Most Americans rely on Social Security retirement benefits during their retirement years. Some rely solely on these benefits, while nearly all retirees depend partially on the benefit payments. You probably already know that your benefit amount is calculated based on your lifetime earnings record. So how much does Social Security pay, and what happens to the monthly payments for low-income individuals? The primary insurance amount calculated based on their earnings record would likely be so low there would be no way for them to survive on that amount. The Social Security Administration has another method of calculating benefits for these individuals called the Special Minimum Benefit. Keep reading as we tell you how much this special amount is as well as how it is calculated.
What Is The Minimum Social Security Benefit?
The minimum monthly Social Security benefit in 2022 can be as low as $31.85. However, this benefit amount is not common. It would apply in the case of a person who earned an extremely low income while working, and that person barely meets the eligibility criteria to qualify for Social Security. They only worked and qualified for 11 years of coverage, and they elected to start their benefits as early as possible at age 62. Now, let’s take a look at the minimum amount for someone with a longer work history.
In 2022, the special minimum benefit for a worker with 30 years of work history who waits until full retirement age (FRA) to claim benefits is $950.80. When qualifying for the special minimum, you cannot increase your primary insurance amount by waiting past full retirement age. You will not accrue any delayed retirement credits. However, starting your benefits early will still reduce your monthly payment. The same worker with 30 years of work history will have his benefit reduced to $665.56 if he starts his benefits early at age 62.
How Social Security Benefits Are Calculated
The Social Security Administration (SSA) calculates retirement benefits based on your highest 35 years of earnings. Your PIA, or primary insurance amount, is calculated as follows. First, you need to obtain your average indexed monthly wage (AIME). This is done by determining your annual income for each year and using the SSA index tables to adjust the amount for inflation. The highest 35 amounts are then added together and divided by 420 to arrive at the average monthly amount.
Next, bend points are applied to the AIME. Your PIA will be the sum of 90% of the first $1,024 of your AIME plus 32% of your AIME between $1,025 and $6,172 plus 15% of any AIME over $6,172. That sum will be your primary insurance amount. This PIA is then adjusted depending on your retirement age. If you start benefits early, then the amount will be reduced. Starting benefits late can increase the amount you receive. Cost-of-living adjustments are then made to the amount on an annual basis according to the amount of inflation shown in the consumer price index.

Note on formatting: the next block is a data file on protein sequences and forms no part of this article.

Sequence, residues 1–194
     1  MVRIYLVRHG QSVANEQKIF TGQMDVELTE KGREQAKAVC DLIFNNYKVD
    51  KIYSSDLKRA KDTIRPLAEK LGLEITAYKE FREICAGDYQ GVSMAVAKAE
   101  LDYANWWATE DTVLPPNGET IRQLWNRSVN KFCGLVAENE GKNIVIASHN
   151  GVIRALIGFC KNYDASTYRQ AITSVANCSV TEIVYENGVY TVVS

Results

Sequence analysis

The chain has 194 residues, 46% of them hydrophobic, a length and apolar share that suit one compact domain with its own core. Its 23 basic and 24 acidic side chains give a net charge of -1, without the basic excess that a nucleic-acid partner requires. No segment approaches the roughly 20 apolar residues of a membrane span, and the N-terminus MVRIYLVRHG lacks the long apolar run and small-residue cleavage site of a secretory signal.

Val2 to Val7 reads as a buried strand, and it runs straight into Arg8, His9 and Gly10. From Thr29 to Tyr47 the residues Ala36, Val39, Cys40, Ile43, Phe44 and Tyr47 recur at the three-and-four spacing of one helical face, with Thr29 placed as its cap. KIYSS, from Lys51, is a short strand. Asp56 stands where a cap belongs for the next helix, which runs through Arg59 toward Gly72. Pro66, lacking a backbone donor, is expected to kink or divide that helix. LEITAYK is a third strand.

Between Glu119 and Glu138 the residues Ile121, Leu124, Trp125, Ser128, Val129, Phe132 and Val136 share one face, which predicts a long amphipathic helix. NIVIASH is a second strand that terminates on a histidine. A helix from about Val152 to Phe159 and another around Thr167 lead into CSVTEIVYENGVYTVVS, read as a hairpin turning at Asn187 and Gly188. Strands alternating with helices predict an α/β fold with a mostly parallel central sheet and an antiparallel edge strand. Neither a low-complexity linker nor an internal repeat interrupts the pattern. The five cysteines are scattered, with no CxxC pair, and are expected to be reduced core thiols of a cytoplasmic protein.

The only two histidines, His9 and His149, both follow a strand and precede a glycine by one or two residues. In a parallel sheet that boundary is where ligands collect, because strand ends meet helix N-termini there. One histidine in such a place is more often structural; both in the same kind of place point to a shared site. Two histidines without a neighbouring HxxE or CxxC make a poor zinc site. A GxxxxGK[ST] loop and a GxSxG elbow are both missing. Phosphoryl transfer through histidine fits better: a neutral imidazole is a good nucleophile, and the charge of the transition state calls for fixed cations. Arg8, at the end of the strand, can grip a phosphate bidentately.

When it comes to low-income individuals, their average earnings will result in a PIA calculation that is extremely low and likely below the poverty level. For this reason, the calculation of their monthly benefit is a little different. Instead of basing their payments on average earnings, their payment amount is based on the number of years that they qualified for Social Security. The SSA publishes the Special Minimum Benefits table that lists the monthly payment amount and the maximum family amount depending on the number of years of coverage the worker has. For these workers, their Social Security payments are calculated using both methods, and they will automatically receive the higher of the two.
Minimum Social Security Benefit At Age 62
While the average Social Security income in 2022 is $1,657 per month, many people receive much less than this. So, what is the lowest amount that you can receive at age 62? As we previously mentioned, waiting past full retirement age will not increase your payment amount if you are receiving the Special Minimum Benefit. However, starting your benefits early will still decrease the amount you receive. For someone who only paid Social Security taxes for 11 years at a low-wage job or perhaps only worked part-time, they could receive as little as $31.85 per month. Remember that the amount they would receive by performing the benefit calculation using their average wages would likely be even less.
For a person who has a full 30 years of earned income, the amount they receive looks much better. While it is still below the poverty line, it is exponentially higher than someone with only 11 years of work history. For a worker with 30 years of coverage, the minimum payment at age 62 would be $665.56. This amount increases to $950.80 if that person can wait until full retirement age to start benefits. Again, the benefit payment for this worker would be calculated using both benefit formulas, and he would automatically receive the higher of the two.